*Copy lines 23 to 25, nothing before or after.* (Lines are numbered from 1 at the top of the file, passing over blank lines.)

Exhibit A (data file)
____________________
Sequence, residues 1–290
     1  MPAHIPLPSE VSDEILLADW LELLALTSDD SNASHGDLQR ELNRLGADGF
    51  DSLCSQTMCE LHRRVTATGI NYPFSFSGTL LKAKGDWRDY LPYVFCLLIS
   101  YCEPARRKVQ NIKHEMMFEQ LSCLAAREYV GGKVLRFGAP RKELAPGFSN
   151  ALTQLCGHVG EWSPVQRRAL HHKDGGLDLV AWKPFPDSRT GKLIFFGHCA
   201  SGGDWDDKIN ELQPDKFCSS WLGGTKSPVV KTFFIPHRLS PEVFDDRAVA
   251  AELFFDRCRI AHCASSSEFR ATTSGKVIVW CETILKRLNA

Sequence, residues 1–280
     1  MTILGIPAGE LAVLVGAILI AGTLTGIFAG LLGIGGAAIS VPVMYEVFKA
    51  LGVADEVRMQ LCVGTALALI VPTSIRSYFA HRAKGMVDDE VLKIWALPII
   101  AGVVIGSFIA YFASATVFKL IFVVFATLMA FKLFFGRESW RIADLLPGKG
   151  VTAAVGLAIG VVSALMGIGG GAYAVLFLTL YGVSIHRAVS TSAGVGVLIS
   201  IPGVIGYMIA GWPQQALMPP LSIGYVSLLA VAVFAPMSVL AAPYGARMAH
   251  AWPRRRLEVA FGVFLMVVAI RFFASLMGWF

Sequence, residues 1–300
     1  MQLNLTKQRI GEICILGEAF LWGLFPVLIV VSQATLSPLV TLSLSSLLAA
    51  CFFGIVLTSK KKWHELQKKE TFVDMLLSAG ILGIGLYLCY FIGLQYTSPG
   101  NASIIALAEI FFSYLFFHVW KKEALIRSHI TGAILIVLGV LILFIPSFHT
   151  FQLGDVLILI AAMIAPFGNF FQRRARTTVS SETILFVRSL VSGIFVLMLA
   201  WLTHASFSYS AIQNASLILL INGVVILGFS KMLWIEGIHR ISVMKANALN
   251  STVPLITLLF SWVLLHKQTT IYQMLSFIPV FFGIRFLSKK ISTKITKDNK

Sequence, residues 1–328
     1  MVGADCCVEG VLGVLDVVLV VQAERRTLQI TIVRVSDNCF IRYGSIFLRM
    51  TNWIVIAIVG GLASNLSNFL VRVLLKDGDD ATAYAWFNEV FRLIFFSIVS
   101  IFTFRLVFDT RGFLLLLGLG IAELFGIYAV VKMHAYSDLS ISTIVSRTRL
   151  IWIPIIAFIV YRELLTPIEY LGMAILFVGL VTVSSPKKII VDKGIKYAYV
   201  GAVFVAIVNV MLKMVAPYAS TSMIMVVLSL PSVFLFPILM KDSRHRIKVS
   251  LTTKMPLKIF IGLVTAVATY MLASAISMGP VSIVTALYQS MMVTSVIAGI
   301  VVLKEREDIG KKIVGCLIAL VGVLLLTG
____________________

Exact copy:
     1  MVGADCCVEG VLGVLDVVLV VQAERRTLQI TIVRVSDNCF IRYGSIFLRM
    51  TNWIVIAIVG GLASNLSNFL VRVLLKDGDD ATAYAWFNEV FRLIFFSIVS
   101  IFTFRLVFDT RGFLLLLGLG IAELFGIYAV VKMHAYSDLS ISTIVSRTRL